Among such endeavors was a “product” she co-developed as a member of the UW-Madison Engineers Without Borders (EWB) organization, which focuses on sustainable engineering projects for developing countries. She and two EWB members developed an innovative biomass shredder—a device that enables African citizens of Muramba, Rwanda, to more easily shred agricultural waste into material useful as an alternative energy source.

After receiving recognition in the 2006 Schoofs Prize for Creativity, a UW-Madison undergraduate innovation competition, Flanagan formed a team of six EWB members who submitted a business proposal for the G. Steven Burrill Technology Business Plan Competition to use fuel-briquetting technology to increase Rwanda”s energy supply. The team won the Exceptional Judges Award and $2,000 in the competition.

Several EWB members implemented the project in Muramba in summer 2007. “Ultimately, what is the sense of research if it’s not directed toward others,” Flanagan says of her involvement in humanitarian efforts. “To me, research becomes more meaningful when I can visualize an outcome that will serve other people.”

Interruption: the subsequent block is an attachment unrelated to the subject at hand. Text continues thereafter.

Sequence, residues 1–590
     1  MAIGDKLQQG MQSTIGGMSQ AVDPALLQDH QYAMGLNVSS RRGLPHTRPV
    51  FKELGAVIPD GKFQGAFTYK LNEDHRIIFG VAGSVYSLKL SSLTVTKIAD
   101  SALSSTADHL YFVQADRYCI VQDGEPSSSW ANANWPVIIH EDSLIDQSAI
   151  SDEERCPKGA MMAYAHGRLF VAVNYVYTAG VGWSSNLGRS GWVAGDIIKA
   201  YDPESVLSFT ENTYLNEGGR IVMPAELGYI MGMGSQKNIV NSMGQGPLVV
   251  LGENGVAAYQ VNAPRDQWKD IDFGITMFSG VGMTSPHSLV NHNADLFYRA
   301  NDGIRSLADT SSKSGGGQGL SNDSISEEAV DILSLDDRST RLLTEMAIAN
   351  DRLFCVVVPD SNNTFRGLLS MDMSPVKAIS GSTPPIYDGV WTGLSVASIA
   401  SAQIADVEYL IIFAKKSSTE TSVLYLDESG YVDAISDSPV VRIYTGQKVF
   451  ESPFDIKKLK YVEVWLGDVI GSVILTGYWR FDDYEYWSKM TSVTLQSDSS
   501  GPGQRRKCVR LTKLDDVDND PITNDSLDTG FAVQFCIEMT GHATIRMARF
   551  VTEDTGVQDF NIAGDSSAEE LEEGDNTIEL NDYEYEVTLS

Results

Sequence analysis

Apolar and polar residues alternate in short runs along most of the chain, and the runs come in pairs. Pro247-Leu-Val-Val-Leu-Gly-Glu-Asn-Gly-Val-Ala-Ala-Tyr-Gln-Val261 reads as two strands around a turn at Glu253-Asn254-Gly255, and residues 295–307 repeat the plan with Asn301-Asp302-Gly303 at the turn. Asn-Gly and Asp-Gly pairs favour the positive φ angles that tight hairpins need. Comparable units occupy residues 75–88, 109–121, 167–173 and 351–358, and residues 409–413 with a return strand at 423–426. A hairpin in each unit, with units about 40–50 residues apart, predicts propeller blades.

Since the Burrill, Flanagan has focused on honing her skills in biomedical engineering so she can create applicable products for both the developing and developed world.

Claire Flanagan

Claire Flanagan (large image)

Her research has affected her view of the world around her. “My involvement in biomedical engineering has changed my perspective on life,” says Flanagan. “Everything I look at has more promise and potential than I realized before. It’s an interesting way of appreciating life. It’s actually artistic.”

For her first foray into college research, Flanagan worked in Biomedical Engineering Assistant Professor Kristyn Masters’ laboratory as part of a team that created a three-dimensional gradient of growth factor that would help skin wounds heal more rapidly with less infection. Her next work shifted into testing cell adhesion to that growth factor, which ultimately could be applied to corneal replacements.